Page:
after all of the other torture tests. This means that the bend test wasn't performed on a Nexus that has full structural integrity, but was done on a Nexus 6P that was already weakened with fire (as if anyone needed to know that fire was bad for electronics) and more importantly, the glass on the Nexus had cracked. The glass of a smartphone is a major component of the overall strength, so if you have a cracked screen, the entire device is going to bend much more easily.Now, to be fair, the scratch test portion of the video seems pretty reasonable, so we would suggest you be careful about putting your Nexus 6P into a pocket with keys, but the bend test portion has one major flaw: it is done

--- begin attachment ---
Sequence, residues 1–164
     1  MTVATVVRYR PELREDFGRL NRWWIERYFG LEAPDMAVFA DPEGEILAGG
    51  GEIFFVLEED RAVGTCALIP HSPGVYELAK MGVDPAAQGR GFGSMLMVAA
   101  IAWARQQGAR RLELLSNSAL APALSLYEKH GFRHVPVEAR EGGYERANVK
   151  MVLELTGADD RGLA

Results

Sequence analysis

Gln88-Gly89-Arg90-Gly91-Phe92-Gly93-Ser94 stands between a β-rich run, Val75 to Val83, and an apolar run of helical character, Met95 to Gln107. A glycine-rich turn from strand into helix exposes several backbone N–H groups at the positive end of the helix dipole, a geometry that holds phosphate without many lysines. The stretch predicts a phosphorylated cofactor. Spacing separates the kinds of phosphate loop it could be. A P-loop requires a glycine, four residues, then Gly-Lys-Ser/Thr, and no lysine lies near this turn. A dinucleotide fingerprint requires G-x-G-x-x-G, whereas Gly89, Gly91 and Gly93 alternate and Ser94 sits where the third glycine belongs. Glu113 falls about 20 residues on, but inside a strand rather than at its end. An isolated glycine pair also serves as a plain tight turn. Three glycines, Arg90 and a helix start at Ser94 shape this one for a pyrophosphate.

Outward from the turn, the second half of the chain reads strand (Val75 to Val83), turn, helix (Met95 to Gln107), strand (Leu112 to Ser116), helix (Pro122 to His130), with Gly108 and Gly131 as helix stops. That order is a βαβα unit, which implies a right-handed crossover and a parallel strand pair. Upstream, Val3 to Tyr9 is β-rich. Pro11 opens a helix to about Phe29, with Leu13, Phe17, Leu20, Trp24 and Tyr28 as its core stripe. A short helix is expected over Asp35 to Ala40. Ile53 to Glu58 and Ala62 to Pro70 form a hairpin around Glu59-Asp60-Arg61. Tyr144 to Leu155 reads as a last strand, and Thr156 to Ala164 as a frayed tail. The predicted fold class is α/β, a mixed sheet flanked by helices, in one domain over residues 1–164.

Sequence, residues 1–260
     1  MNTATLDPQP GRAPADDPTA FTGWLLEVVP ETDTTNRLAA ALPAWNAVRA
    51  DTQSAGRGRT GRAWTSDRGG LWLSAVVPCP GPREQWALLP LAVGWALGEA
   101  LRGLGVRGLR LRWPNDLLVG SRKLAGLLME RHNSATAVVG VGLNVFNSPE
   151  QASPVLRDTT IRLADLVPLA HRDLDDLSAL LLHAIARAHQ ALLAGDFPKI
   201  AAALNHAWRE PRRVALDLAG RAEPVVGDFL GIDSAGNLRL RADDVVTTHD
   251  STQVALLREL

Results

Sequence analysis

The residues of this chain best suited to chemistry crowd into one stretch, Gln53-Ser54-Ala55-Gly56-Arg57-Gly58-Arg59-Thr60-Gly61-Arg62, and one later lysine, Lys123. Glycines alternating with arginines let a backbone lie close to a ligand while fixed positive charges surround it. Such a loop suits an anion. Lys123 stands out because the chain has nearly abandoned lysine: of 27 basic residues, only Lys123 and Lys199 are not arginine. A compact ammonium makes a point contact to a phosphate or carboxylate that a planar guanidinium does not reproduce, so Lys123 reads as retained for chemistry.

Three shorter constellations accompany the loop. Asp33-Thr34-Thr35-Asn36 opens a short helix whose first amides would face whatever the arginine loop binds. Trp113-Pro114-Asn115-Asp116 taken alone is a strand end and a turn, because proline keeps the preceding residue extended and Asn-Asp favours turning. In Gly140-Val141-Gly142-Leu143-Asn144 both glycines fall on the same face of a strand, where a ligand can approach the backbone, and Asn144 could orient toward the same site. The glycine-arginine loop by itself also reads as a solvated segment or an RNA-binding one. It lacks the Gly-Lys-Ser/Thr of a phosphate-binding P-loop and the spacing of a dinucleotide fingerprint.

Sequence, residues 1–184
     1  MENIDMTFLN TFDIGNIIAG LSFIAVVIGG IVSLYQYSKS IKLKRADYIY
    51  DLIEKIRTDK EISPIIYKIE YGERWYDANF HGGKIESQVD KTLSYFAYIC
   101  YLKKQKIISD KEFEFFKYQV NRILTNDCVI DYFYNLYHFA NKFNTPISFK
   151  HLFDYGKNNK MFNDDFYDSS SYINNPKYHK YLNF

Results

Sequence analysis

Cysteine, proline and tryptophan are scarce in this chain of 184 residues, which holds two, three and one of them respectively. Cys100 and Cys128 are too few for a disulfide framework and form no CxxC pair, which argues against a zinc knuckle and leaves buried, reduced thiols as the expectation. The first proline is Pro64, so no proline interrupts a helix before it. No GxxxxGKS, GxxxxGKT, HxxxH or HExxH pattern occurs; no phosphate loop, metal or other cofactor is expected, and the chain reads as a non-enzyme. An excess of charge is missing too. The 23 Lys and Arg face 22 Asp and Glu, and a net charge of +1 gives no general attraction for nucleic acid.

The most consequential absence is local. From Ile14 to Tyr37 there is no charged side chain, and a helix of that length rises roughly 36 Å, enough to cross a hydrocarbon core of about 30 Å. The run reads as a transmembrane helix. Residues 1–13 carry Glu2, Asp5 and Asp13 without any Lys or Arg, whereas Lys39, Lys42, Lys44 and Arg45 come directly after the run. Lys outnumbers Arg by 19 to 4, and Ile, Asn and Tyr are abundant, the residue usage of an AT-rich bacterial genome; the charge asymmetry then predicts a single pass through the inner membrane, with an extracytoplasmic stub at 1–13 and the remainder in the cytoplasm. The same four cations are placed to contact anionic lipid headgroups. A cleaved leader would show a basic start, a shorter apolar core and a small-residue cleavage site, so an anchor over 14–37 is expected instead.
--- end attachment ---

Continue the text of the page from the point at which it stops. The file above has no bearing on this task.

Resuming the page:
There are a number of videos on YouTube that show the Nexus 6P undergoing bend tests without a cracked screen and the device stands up to every one of them. Our favorite (below) is one where a guy rigged up a way to simply stack weigh onto the device rather than using the incredibly unscientific test of bending with your hands. He got it up to 90 pounds with only a very slight bend and would have needed more if you wanted anything significant. For reference, last year's iPhone 6 Plus would deform under 90 pounds of pressure, according to Consumer Report testing. So, at most, the Nexus 6P has the same amount of a bend problem as the iPhone 6, which is to say not one that most people will notice.
So, if you have a Nexus 6P, you probably don't have to worry, and we're certainly not in a new #bendgate by any means.